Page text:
Former President Bill ClintonWilliam (Bill) Jefferson ClintonBill Clinton hits Trump administration policy separating immigrant families in Father's Day tweet Trump's strategy for North Korea and beyond James Comey's higher disloyalty to America MORE said Friday that Mitt Romney's controversial comments about how his "job is not to worry about" the 47 percent of Americans "dependent on government" would increase the burden on the GOP nominee to perform well in the debates.

"I think it puts a heavier burden on him in the debates to talk about what he meant," Clinton said in an interview with CNN.

Romney admitted earlier this week that his comments, recorded without his knowledge at a closed-door fundraiser, were "not elegantly stated" and that he was "speaking off the cuff," but has defended them as generally representing his views.

But Clinton, whose rousing speech at the Democratic National Convention earlier this month is largely credited with padding President Obama's boost in the polls, said Romney needed to present an economic vision for working adults not making enough to necessitate paying federal income taxes.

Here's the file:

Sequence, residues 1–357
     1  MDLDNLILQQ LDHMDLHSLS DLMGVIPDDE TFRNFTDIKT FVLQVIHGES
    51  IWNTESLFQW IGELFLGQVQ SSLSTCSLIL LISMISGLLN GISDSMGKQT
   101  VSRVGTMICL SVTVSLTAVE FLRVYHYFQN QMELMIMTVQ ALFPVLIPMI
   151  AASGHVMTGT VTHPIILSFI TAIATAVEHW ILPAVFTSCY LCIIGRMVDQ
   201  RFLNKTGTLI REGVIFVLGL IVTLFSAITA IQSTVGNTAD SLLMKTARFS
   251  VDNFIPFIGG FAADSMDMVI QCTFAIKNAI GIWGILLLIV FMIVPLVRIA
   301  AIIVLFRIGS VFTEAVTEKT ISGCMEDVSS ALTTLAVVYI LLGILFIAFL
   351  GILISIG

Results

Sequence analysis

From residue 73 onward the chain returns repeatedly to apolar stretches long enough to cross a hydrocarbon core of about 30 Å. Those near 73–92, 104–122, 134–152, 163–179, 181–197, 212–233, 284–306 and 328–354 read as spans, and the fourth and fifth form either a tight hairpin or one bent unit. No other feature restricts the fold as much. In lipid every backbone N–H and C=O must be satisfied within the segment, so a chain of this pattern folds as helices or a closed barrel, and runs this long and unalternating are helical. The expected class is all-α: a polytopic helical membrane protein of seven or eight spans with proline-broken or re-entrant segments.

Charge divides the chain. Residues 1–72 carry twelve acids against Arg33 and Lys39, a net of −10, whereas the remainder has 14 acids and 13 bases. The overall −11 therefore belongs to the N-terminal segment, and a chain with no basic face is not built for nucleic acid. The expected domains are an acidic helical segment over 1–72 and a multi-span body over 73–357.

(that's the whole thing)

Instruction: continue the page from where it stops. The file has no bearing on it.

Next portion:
"The 47 percent, those that are adults, they do pay taxes. They pay Social Security taxes. They pay Medicare taxes. They pay state and local taxes," said Clinton. "But all of those people who don't pay ordinary income tax would love to be back paying ordinary income tax. They'd love to have a full-time job instead of a part-time job, or any job at all, or be able to get a pay raise."

Still, Clinton cautioned against believing the comments would provide a knock-out punch to the Republican nominee.

"I still think you have to assume it's going to be a close race, assume it's a hard fight and then fight through it," said Clinton. "But I think the president has the advantage now. We did have a very good convention. He got a good boost out of it."

Clinton was appearing to promote his Clinton Global Initiative conference next week in New York City. Ironically, Mitt Romney is slated to appear at the conference, as is President Obama.